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Swap space in Linux

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Swap space is virtual memory allocated on the hard disk that is used to hold inactive memory pages when RAM is depleted. In this article, we learn all about swap space and how to create a swap file in Linux.

Table of contents.

  1. Introduction.
  2. How much do we need.
  3. Creating a swap file.
  4. Removing a swap file.
  5. Summary.
  6. References.

Introduction.

Other than RAM which stores data concerning active processes, swap space is allocated memory in the hard disk used when RAM is depleted. We can have swap space in three forms, one as a dedicated partition during initial installation, a swap file, or a combination of both. A swap file is used when there is no free disk space for creating a dedicated partition.

Commonly used commands to manage swap space are, free - to check its utilization, fdisk - to check the general disk utilization, htop, and vmstat.
Commands involving swap files are: mkswap - to create a swap space, swapon - to specify where swapping should take place and free - command to confirm these configurations.

A pro of swap space is that it is a form of virtual memory which provides the OS with the illusion that it has more memory and therefore it can handle multiple processes/application data even if the actual memory is not enough. It does this by moving inactive memory pages to an allocated file or partition on the hard disk(Swap space) to free up RAM for incoming applications.

Also, considering the large sizes of disk space/main memory, with swap space we find a use for this unused disk space.

A drawback of swap space is that it is not RAM and hence not as fast since it requires disk access which is very taxing to a processor.

Swap space can also be seen as a wastage of disk space for example we can have 10GBs of swap space where not all the 10GBs will be used.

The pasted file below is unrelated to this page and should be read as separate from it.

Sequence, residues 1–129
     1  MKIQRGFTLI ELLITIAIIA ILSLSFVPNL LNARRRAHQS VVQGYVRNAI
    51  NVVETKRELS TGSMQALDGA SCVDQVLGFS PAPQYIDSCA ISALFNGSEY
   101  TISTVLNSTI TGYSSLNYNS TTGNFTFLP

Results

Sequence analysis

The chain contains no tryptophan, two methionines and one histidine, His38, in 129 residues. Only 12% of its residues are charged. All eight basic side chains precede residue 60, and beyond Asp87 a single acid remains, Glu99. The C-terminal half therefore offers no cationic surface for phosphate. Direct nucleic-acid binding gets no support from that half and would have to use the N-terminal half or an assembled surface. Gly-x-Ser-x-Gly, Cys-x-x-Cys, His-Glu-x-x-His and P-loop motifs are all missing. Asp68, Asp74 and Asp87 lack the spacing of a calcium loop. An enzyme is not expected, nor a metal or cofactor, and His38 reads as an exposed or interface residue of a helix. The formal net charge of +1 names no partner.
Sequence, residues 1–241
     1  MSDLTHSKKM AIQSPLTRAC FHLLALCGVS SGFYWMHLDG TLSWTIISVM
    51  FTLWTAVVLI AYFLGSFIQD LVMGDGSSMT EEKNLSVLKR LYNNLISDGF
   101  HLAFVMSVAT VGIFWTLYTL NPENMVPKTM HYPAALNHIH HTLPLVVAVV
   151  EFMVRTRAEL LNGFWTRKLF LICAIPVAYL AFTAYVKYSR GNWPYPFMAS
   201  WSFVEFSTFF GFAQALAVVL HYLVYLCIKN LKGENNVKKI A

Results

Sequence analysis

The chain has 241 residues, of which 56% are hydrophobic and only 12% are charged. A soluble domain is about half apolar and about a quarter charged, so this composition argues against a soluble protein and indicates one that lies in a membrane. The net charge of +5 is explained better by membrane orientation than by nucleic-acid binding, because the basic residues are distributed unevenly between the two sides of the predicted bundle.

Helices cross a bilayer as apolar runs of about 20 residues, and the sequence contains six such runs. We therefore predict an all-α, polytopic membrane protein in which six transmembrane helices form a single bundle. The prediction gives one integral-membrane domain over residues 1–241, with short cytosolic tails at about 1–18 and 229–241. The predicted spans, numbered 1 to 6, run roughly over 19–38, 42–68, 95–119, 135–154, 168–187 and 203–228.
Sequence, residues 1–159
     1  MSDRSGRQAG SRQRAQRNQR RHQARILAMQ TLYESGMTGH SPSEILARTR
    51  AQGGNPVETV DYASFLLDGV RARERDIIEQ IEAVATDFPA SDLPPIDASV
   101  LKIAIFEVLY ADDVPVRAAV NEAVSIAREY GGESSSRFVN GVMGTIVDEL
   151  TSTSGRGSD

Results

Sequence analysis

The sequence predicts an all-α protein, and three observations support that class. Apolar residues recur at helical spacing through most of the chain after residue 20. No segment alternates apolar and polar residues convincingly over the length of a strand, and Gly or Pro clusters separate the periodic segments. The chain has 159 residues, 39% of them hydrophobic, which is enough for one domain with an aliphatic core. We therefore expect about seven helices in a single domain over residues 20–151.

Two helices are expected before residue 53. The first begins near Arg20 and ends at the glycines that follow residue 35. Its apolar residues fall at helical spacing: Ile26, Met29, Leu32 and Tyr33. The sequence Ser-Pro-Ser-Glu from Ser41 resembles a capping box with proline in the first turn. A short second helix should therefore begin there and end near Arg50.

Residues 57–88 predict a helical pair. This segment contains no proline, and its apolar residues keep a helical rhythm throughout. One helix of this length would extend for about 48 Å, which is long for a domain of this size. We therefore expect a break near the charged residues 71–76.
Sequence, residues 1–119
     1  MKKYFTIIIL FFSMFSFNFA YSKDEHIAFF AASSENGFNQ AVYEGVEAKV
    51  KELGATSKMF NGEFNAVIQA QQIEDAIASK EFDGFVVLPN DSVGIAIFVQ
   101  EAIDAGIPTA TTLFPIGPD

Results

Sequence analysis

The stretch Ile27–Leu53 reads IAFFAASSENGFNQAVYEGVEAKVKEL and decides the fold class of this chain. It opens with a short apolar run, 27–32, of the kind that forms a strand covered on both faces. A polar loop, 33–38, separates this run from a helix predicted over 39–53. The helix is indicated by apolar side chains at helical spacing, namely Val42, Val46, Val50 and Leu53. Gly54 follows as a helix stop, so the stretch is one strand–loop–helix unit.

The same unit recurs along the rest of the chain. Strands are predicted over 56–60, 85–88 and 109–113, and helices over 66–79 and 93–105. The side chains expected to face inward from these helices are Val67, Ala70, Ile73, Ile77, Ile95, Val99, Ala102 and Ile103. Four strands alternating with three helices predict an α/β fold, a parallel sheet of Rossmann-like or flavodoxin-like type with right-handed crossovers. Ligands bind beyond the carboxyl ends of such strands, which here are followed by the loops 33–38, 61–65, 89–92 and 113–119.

How much do we need.

Swap space should be twice the physical RAM plus 1X RAM for any RAM above 2GB. It should be also greater than 32MB in size.

That is, if M is RAM and S is swap space in GBS, then, if M < 2
S = M * 2 otherwise, S = M + 2

IF M < 2
	S = M * 2
ELSE
	S = M + 2

Therefore, if we have 2GB of physical RAM, we should have at least 3GB of swap space.

In machines with large amounts of RAM, swap space is not always large and it's OK since RAM can handle application data.

We can also use the following schema:

RAM         Swap        Swap (with hibernation)
256MB       256MB       512MB
512MB       512MB       1GB
1GB         1GB         2GB
2GB         1GB         3GB
3GB         2GB         5GB
4GB         2GB         6GB
6GB         2GB         8GB
8GB         3GB         11GB
12GB        3GB         15GB
16GB        4GB         20GB
24GB        5GB         29GB
32GB        6GB         38GB
64GB        8GB         72GB
128GB       11GB        139GB

What is swap with hibernation, when a system hibernates(closing the laptop cover), its state is saved in the hard disk before it 'powers down'. When it 'wakes up', the state is restored, that is why the values on the last row are larger.

However, not all systems hibernate. We confirm this by executing the command:

$ which pm-hibernate

If the above command returns output, it means that the system can hibernate.

Creating a swap file.

To create a swap file, we follow the listed steps;

  1. We first create a swap file. This is where inactive memory pages are sent when RAM is full: